Faversham Society: The Future will be what we make it?

This aerial photo, taken by Ian Montague, reminds us how the actions of our predecessors have made our town so attractive and a great place to live.

 

In the top right of Ian’s photograph, the Stonebridge Pond (aka the duck pond) is our inheritance from the gunpowder works and the Purifier Building from the former gas works, now refurbished and repurposed by the Faversham Creek Trust.

The almshouses on the left of the image were created in the mid-nineteenth century and extended in the twentieth, and they are still very much needed and used today. In the bottom right is our Cottage Hospital, built in 1888; a century later, the 24-bed Kent Wing was added and in 2015, the minor injuries unit. We benefit from the efforts of our forebears. Next to the Cottage Hospital, you can see the outdoor pool of Faversham Pools. The outdoor pool opened in 1964 after years of fundraising by our forebears. This year is their 60th anniversary.

This year also marks an important ‘political’ anniversary. Local government reorganisation in 1974 saw Faversham’s demotion from an independent Municipal Corporation to a parish council when we were absorbed into Swale. Our Town Council is still able to achieve things on our behalf, most recently the local Hopper Bus service, but much local power has shifted to Swale Borough Council in Sittingbourne.

Hence, the question mark is in the headline of this piece. We have less autonomy than we did, but we can still affect the history of our town and, to some degree, shape its future. The Faversham Society has since its creation in 1962 been concerned with the past and the future of Faversham our purpose stated in our strap line “We seek to Cherish the Past, Adorn the Present, Create for the Future”

In May and June, the Faversham Society is hosting a series of conversations in the Alexander Centre on four subjects of vital importance to our community and the future of our town. The conversations are open to all, and they are free to members and non-members – we hope some of you will join. If you are going to come along, please sign up in the VIC or register on the Live Events on our website.

  1. But Can It Be Safe? Cleve Hill Solar Park and the battery energy storage system, Wednesday 15th May, 7pm. Host: David Melville. The solar park is now under construction but the safety and management plan for the proposed battery energy storage system (BESS) has been turned down by Swale Council’s Planning Committee. As one of the largest such batteries in the world, it raises huge concerns about the danger of fires, explosions, and toxic fumes that threaten nearby communities.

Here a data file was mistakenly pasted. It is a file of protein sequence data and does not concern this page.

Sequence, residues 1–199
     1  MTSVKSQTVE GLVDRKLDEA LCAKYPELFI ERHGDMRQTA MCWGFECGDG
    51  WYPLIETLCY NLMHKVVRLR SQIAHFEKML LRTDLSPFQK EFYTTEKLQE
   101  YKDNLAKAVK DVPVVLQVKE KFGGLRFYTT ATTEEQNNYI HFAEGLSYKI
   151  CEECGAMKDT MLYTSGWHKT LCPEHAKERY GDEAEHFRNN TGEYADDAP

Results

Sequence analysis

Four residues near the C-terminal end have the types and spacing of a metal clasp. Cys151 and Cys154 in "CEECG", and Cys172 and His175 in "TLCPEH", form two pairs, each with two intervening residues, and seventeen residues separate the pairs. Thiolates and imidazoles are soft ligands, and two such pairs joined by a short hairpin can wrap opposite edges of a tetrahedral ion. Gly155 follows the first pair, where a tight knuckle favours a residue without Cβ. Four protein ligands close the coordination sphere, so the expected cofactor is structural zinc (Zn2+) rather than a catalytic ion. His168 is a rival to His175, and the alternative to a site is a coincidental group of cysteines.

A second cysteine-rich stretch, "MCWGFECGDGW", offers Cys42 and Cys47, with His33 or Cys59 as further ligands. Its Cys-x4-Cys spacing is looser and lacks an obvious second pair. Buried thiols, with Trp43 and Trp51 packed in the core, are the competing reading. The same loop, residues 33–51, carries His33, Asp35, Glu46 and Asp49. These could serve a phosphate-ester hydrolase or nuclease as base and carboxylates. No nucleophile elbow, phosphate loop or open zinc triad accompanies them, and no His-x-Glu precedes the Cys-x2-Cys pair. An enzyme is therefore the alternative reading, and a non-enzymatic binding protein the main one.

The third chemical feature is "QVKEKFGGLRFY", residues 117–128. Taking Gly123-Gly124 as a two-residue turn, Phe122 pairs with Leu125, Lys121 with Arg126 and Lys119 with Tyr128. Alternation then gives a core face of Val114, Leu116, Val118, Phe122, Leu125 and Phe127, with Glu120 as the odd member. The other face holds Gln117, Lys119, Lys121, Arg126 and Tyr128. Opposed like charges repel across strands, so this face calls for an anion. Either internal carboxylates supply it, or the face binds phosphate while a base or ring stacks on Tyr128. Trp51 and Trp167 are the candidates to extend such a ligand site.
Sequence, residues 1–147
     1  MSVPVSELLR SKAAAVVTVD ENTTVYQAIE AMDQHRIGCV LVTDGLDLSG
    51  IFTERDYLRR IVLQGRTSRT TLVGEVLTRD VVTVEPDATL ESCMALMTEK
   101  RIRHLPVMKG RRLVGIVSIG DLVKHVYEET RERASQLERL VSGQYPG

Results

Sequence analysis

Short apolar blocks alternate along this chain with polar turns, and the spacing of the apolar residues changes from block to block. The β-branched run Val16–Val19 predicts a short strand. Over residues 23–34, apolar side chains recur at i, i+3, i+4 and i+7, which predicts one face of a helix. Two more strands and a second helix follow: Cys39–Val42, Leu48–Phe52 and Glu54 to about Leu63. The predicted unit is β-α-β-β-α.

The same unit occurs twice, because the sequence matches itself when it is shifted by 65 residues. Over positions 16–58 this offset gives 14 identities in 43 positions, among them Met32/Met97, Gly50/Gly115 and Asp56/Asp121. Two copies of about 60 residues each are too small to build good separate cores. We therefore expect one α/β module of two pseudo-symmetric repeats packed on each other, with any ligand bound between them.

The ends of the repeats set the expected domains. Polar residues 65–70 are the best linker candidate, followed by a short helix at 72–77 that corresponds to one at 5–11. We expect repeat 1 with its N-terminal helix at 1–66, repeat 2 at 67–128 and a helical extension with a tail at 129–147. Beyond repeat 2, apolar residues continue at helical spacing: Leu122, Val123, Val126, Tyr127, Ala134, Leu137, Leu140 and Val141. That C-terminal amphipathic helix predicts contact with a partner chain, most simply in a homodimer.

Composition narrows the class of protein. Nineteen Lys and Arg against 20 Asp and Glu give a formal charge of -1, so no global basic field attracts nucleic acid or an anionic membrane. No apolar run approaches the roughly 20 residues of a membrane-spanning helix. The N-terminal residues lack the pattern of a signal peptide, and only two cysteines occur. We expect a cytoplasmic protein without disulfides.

2. Medieval Heritage and Town Centre Regeneration: Town Quay and the Town Warehouse, Wednesday 29th May, 7pm. Hosts: Harold Goodwin and Jonathan Carey. The ownership of Town Quay and the Town Warehouse (TS Hazard) has just been transferred by Swale Borough Council to Faversham Town Council. A number of schemes are proposed for the land, including creation of a Cinque Ports museum and environmental education centre highlighting local features such as chalk streams and tidal marshes.
  3. The Future We Want: Faversham Neighbourhood Plan, Wednesday 5th June, 7pm. Hosts: Harold Goodwin and Matthew Hatchwell. Neighbourhood plans provide a powerful set of tools for local people to set the development priorities for their community. The Faversham Neighbourhood Plan will be the subject of a local referendum in coming months and, if approved, will give the town a degree of control over – among other things – the type and location of new housing that takes place.
  4. Faversham Healthy Futures. Acting locally to safeguard vital health and care services. The date and time are yet to be confirmed—please check the main Society website for details. Hosts: Laurie McMahon and Gill Wagstaff. The goals of the interactive Faversham Health Futures event are to review the way NHS and care services are delivered, explore the need to localise and integrate services, and give the people of Faversham and surrounding villages a say in how local health and care services should develop in the future.

These are conversations, an opportunity to share your views and hear from others – the conversations are about sharing views, not about making decisions.

 

CommunityAd Exclusive - Faversham Society: The Future will be what we make it?Harold Goodwin, Chair of the Faversham Society

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